I know electric vehicle operations may seem tough to follow, but don’t get discouraged. When looking at shut down procedures it’s really quite simple. The first option is to disable the vehicle in two phases. First, locate and shut down the vehicle ignition – this will open the relay switch and kill the high-voltage system. Next locate and disable the 12V battery to kill power to the DC-to-DC converter and isolate any power to the low-voltage and air bag systems.
Our next option for vehicle shut down is useful in a situation where crews cannot turn off the vehicle ignition cannot due to damage or inaccessibility. The first step is to disconnect the 12V battery. Then locate and pull the high-voltage control fuse, which will disconnect any 12V power to the DC-to-DC converter, opening the relay switch to kill the high-voltage system. The only issue with this option is that these control fuses can be located in different locations depending on the manufacturer. Some are easily identifiable, like the most recent Tesla models shown in Photo 1, whereas you may need to refer to the owner’s manuals or the NFPA Emergency Field Guide for some models.
Now that shut down procedures have been addressed, let’s look at some of the most common incidents and safety concerns that make crews think twice when they encounter an EV on the scenes.
First, let’s address the car fire. When faced with an EV that is on fire, one clear thing must be assessed: has the fire involved the high-voltage battery packs? If so, no need to worry, as the chance for electrocution with water application is non-existent. The main issue that crews need to be concerned with is establishing a good water supply, as battery packs may require more water to extinguish. Full PPE and SCBA are also required as burning battery packs can create caustic and toxic fumes. The only remaining issue with battery pack fires is re-kindling. High-voltage battery packs can hold heat for a long period of time, so firefighters need to ne aware of this.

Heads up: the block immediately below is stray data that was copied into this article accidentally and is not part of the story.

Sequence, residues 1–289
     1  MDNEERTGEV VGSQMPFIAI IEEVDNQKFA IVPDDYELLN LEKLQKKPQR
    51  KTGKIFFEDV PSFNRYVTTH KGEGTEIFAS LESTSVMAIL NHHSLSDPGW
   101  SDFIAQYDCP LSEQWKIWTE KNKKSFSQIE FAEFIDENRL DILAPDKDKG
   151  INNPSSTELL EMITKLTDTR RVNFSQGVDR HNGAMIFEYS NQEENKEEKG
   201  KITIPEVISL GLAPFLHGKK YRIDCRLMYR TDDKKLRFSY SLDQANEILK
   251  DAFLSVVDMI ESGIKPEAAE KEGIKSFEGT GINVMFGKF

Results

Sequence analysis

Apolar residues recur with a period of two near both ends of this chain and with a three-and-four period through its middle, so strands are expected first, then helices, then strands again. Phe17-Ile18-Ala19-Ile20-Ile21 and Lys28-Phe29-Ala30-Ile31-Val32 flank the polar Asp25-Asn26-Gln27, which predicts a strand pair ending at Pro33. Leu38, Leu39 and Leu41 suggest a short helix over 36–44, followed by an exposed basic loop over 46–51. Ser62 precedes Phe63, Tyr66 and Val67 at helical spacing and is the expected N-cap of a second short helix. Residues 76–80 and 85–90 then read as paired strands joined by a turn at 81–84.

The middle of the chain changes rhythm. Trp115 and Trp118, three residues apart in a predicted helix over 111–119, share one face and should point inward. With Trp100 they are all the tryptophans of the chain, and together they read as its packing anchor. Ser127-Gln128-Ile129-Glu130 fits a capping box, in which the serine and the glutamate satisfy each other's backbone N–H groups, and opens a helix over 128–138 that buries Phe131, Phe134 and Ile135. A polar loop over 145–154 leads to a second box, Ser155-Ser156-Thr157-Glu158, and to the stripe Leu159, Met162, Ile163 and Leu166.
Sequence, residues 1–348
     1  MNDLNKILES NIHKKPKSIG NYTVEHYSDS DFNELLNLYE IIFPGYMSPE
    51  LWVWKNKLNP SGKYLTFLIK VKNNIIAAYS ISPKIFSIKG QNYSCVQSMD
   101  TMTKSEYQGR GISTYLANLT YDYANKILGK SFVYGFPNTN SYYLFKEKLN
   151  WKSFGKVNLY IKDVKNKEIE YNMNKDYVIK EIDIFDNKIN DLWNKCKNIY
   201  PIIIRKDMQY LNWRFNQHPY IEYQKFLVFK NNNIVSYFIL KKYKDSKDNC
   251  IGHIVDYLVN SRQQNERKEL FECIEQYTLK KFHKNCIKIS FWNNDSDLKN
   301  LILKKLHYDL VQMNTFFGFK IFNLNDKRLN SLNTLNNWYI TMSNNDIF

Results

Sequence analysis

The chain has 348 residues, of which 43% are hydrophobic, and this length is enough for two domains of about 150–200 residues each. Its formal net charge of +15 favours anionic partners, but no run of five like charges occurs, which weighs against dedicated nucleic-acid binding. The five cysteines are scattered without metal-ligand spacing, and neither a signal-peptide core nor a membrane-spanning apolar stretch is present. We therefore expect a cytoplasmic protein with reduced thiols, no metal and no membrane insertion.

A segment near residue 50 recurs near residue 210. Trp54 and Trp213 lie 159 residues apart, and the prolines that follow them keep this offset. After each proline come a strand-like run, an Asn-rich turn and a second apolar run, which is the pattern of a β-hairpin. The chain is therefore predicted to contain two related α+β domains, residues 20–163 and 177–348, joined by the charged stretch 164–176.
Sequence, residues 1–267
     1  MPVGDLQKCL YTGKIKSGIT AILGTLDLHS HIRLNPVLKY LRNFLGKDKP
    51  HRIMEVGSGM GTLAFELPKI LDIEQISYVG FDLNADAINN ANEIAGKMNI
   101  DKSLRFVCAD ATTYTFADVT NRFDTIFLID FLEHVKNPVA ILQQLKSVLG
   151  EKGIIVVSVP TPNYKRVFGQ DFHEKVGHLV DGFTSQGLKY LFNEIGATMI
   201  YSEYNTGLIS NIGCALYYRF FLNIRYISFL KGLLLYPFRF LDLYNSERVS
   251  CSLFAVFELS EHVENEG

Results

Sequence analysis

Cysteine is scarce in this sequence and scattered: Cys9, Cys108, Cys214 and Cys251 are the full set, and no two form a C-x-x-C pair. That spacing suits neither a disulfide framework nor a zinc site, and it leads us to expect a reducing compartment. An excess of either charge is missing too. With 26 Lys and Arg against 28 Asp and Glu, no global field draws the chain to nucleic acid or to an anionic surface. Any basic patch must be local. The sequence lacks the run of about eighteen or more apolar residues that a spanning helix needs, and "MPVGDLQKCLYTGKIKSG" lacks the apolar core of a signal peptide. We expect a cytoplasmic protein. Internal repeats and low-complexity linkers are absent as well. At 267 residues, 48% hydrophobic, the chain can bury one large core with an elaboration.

Next is the submerged EV. Is there a potential for electrocution? And the answer is simply, no. With the entire high-voltage system isolated from the vehicle chassis, there is no potential for electrocution when touching the submerged vehicle. Some things to keep in mind are to avoid all high voltage systems and cables, and never attempt to remove a wet or submerged high-voltage control fuse.
What about extrication? When doing cutting, prying or pushing, avoid high-voltage system components and orange high-voltage cables. Most of these systems and cables are located on the underside of the vehicle or outside of areas that are generally used to access patients.
Damaged batteries can potentially generate heat, so ventilation may be required. However, any leaks from high-voltage batteries should be minimal as they are dry-cell batteries. Simply follow the same vehicle shutdown procedures as mentioned above before beginning the extrication process.
And lastly, we will address when an EV and its charging station is on fire, or a situation where the charging station is damaged. When presented with this situation, don’t over think it. The EV and charging station fire should simply be treated as a typical Class C fire until the power can be isolated. Once isolated, accomplished, extinguish the fire and follow the same vehicle shutdown procedures as mentioned earlier.
Although this is not the ultimate guide to hybrid and electric vehicle emergency operations, this article provides a broad overview and safe approaches to an emerging issue facing the fire service. When dealing with an incident involving an EV: just remember the five high-voltage system components, disable the vehicle using the two-stage process and don’t fall prey to tunnel vision. If we apply the proper shutdown procedures, assuming that all high-voltage systems are always live, we will begin to understand these vehicles are not all that different.
So until next time, be smart and never stop watching, reading and listening.
Chad Roberts is a firefighter in Oakville, Ont., and works on a heavy rescue. He is a member of the Oakville extrication team and competes and trains across North America. firstname.lastname@example.org